Bandcamp has long been a home for DIY punk and hardcore from around the world, touching all of the myriad subgenre styles and helping to translate the simple effectiveness of cut-and-paste to the digital age. For August’s edition of the best punk releases on Bandcamp, Kerry Cardoza features the jittery post-punk of Germany’s Lassie, the propulsive dark punk of Austin’s Altar of Eden, the raw glam punk of Toronto’s The Imploders, and much more.
The Golden Age Of…
On this 15-song LP, Leipzig five-piece Lassie provides cutting commentary on the absurdity of modern life. In jittery bursts of energy, the band jeers about everything from cops on Segways to the inanity of having to go about business as usual while climate collapse has us on a collision course with the end of days. With jagged guitars, ‘80s synths, and bleeping sci-fi sounds that would sound at home in an alien-invasion video game, Lassie’s musical leanings mimic the absurdity as well as the hamster-in-a-wheel vibe of late capitalism. Conjuring the frenzy of Gen Pop, Lassie plays post-punk through an egg punk filter, and even gets a little poppy on “Subtle Stallion.” “Zegway Cop” takes the cake here, though it doesn’t quite embody their supposed goal of sounding like “the Beatles on steroids”—maybe more like the Beatles on Quaaludes.
7" Vinyl, T-Shirt/Shirt
This new Toronto band has produced a killer, raw-sounding EP—impressive considering the band formed during the pandemic. A gritty, rock ‘n’ roll vibe comes through the rollicking guitar riffs, while the vocals are delivered in snotty, scratchy shouts. They sort of recall a faster, grittier Dead Boys. The harder offerings here, like the straightforward “Shoot to Kill” or the SoCal hardcore-influenced “Rip Em Off,” are impossible not to groove to. Closing track “Vertagogo” is tightly-wound and bursting with aggression—a great end to this tight debut.
This full-length from The Lipschitz was engineered and mixed by The Funs’s Phillip Lesicko, and shares a bit of his band’s spirited, avant-garde attitude towards music-making. Opening track “Ventilator,” though less than two minutes in length, veers from a repetitive, disjointed guitar jam to something more off-kilter, the guitar sounding like it’s gone out of tune, and lead vocals transferred from drummer Rachael Boswell to guitarist Daniel Brady Lynch. The artsy punk duo, based in Chicago by way of Savannah, sound more polished and sonically focused on this release. The sound ranges from a grungy sort of egg punk, as on “Squabble,” to a more laid-back garage punk (think Beat Happening) on “Laclion.” I really dig the poppy dissonance of “Baby Sherri” and the downer closing track “Pip Pip.”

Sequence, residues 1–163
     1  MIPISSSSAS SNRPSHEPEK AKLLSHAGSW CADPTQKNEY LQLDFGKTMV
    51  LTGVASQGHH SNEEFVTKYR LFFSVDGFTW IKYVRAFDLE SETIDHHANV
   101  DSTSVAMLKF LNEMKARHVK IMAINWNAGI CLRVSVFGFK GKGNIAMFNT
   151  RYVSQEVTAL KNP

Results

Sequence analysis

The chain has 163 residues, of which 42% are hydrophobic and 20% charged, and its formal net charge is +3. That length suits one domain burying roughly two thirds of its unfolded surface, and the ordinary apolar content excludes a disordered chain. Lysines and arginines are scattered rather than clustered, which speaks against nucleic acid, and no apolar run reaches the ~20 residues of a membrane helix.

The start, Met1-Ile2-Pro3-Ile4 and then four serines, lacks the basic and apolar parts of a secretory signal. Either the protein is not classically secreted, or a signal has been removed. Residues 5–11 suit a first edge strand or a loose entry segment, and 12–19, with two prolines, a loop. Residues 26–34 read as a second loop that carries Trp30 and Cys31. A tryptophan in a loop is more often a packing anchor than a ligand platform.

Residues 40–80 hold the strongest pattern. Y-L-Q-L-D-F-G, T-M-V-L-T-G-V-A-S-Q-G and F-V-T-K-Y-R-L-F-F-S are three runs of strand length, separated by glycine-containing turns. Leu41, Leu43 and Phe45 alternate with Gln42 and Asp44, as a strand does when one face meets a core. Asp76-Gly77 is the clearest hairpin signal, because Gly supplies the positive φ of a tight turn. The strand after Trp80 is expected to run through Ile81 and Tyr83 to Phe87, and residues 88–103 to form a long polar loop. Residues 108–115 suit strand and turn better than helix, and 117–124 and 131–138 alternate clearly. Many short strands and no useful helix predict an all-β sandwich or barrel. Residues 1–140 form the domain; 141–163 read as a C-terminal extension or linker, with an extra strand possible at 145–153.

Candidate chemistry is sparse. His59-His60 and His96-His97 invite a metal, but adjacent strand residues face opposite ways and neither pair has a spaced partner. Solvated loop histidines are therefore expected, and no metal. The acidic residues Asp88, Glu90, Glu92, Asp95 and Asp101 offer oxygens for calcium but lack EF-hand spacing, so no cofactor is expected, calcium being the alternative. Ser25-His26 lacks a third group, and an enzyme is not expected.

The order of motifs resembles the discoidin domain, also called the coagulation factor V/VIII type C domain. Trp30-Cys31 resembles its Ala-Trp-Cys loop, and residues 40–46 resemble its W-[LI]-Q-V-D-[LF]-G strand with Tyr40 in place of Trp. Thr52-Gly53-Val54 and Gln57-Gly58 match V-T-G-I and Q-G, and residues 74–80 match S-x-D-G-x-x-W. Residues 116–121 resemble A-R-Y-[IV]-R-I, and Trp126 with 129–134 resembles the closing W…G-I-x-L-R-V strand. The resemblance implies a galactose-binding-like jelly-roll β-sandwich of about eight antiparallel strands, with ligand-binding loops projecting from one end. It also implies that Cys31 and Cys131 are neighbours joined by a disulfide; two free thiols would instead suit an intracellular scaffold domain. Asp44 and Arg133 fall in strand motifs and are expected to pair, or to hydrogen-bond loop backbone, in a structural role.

Altar of Eden
The only bad thing about this release is its length—it’s hard not to want a lot more than four songs from this Austin dark punk trio. Lo-fi production adds to the foreboding tension of these tracks, which are full of low, doomy bass lines, phasered-out guitar, and rapid-fire drum machine beats. Lots of bands are going the gothic post-punk route these days, but Altar of Eden is surely one of the strongest contenders. Vocalist Albert Efraim croons deeply and longingly, the mostly unintelligible lyrics seem full of pain. These tracks have a haunting, spiritual quality, and in fact, the last two songs were recorded secretly in a church. Yet it’s the opening track “Loretta” that’s the most propulsive, the instruments ascending and descending in volume in an almost industrial tone—I recommend listening through headphones.
This is furious, full-on hardcore out of Denver. The noisy production quality is an indication that this band doesn’t give a fuck about perfection or polish. The Oi!-influenced, garbled vocals are delivered in pissed-off rants; the absolutely brutal “Pressure” opens in a pained growl. Many of these tracks, like the slow-burning “Alone in this World” and the lightning-speed “The Victim” are stomping and infectious, hence the alternate album artwork of a boot ready to slam someone’s head. Each song scorches in its own way, but “Blood Pact” is particularly hard; any chaff has been cut away, leaving a raging inferno.
Featuring members from Germany, Italy, Colombia, and Argentina, this globally-minded, Bremen-based band shreds in multiple languages. With intense D-beat drumming and passionately spewed vocals, this brand of hardcore seems deeply influenced by Scandinavian punks like Wolfbrigade. The four-piece drenches every moment in sound, like the overwhelmingly loud “Tomorrow,” though the more pared-down “Comodidad” is equally chaotic, emitting, as the liner notes state, “significant distress.” The EP closes with the noisy, raw “Monologue,” with several band members contributing their own howls of torment.
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Miss Kell, the vocalist of Oakland quintet ESSES, is here to haunt your dreams. On each track of this LP, a follow-up to the 2018 EP OFFERING, she has full command, delivering her lines with snotty gusto or drawing them out in slow howls. ESSES, formed in 2014, combine horror punk, as on the snappy “Infinite Void,” with dark post-punk, as on the eerie opening track, the guitar creeping along at a deliberately tense pace. Set to a soundtrack of doomy bass, penetrating drums, and clashing, reverb-heavy guitars, Miss Kell’s vocals provide a witchy vibe. They captivate especially on their faster tracks, such as the bass-driven “Pierce the Feeling,” with the chattering guitar and Miss Kell’s desperate vocals fit to set anyone on edge.